What are my responsibilities if my employer continues to direct deposit my regular paycheck to my account despite the fact that I have been laid off?

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What are my responsibilities if my employer continues to direct deposit my regular paycheck to my account despite the fact that I have been laid off?

My employer laid me off and issued a final paycheck including unused vacation time. Unexpectedly, they have continued to direct deposit my regular pay, minus government taxes, each pay period for the past 6. Due to this I have so far declined unemployment benefits. I have not reported this to my employer since it has been the only way for me to pay monthly bills and my mortgage payment during my job search. What are the legalities of this are and what are my responsibilities?

Asked on June 5, 2012 under Employment Labor Law, Michigan

Answers:

SJZ, Member, New York Bar / FreeAdvice Contributing Attorney

Answered 9 years ago | Contributor

You have to return the money if the employer asks for it: if the amounts you are receiving are pay--salary or wages; i.e. they are, as you indicate, simply failing to discontinue your payroll direct deposit--but your employment has been discontinued, then you are being paid in error. Unfortunately, an error does not give a person any right to keep the money; so just as if, for example, you accidently sent two rent or mortgage checks for the same month, the landlord or bank would have to return the extra one (or at least credit it vs. your next month's payment), so, too, if you are accidentally overpaid, you have to return the money. The employer may at wiill demand it, and you'd have to return all it immediately--even if you don't have it. (In which case they'd sue you and get a judgment against you, which they could enforce in a variety of ways.)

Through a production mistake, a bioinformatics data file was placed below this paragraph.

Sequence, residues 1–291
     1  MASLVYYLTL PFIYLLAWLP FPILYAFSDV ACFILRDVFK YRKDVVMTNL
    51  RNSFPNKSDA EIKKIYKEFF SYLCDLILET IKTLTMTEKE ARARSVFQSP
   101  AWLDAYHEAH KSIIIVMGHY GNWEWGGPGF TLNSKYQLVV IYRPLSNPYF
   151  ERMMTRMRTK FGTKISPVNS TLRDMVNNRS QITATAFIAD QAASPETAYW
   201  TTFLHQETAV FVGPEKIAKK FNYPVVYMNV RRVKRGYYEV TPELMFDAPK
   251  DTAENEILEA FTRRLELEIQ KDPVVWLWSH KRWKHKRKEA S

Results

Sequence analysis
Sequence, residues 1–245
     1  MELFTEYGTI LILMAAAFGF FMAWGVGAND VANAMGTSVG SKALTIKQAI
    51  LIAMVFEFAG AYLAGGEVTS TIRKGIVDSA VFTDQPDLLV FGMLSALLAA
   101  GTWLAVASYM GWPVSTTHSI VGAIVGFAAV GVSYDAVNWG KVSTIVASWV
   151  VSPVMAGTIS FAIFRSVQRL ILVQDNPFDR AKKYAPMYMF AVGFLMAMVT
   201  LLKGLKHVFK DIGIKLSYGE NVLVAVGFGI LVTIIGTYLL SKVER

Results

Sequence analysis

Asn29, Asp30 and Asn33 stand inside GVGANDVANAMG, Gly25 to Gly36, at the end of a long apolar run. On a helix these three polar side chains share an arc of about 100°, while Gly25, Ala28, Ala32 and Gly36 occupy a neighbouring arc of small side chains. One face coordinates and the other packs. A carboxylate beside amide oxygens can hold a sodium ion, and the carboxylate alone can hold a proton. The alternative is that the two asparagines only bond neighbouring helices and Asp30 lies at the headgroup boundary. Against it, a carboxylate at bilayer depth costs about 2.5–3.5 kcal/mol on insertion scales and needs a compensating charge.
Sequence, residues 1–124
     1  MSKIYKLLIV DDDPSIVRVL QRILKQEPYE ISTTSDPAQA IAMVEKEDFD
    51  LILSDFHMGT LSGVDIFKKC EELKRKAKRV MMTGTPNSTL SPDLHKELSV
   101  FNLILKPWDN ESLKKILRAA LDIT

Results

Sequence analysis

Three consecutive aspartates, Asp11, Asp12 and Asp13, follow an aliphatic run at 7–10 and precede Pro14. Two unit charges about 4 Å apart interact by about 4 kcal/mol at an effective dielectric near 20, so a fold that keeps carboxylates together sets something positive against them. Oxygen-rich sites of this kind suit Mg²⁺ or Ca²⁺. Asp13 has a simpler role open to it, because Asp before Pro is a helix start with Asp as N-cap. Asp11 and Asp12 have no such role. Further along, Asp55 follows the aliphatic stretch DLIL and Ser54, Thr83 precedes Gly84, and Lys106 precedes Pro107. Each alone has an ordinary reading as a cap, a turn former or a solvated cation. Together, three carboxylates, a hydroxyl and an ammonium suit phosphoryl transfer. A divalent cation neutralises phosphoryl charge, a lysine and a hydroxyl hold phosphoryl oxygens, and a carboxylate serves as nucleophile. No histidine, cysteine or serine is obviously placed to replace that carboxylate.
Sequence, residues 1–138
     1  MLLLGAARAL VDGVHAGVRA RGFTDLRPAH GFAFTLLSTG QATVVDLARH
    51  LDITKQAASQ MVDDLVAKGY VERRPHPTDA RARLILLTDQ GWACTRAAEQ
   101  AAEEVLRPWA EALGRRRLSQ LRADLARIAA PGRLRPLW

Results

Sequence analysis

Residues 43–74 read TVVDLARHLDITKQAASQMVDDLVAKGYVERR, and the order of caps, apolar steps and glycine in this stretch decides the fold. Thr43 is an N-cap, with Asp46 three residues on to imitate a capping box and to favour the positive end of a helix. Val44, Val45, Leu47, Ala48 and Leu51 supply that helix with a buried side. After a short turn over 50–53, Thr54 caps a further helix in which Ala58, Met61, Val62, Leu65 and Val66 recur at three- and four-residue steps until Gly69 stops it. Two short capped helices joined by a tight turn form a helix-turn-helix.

Moreover, if you are knowingly taking money which you are aware you are not entitled to, it is not impossible that they could make out a case that you are stealing the money and press charges for one or another form of theft.

Legally therefore, your correct response is to notify them of the error and make arrangements (e.g. a payment plan) to repay it. Bear in mind that at some point, they will almost certainly discover their mistake--for example, at the end of the year, when they are reviewing and closing their books. The more money you accept, the harder it will be to repay it later.


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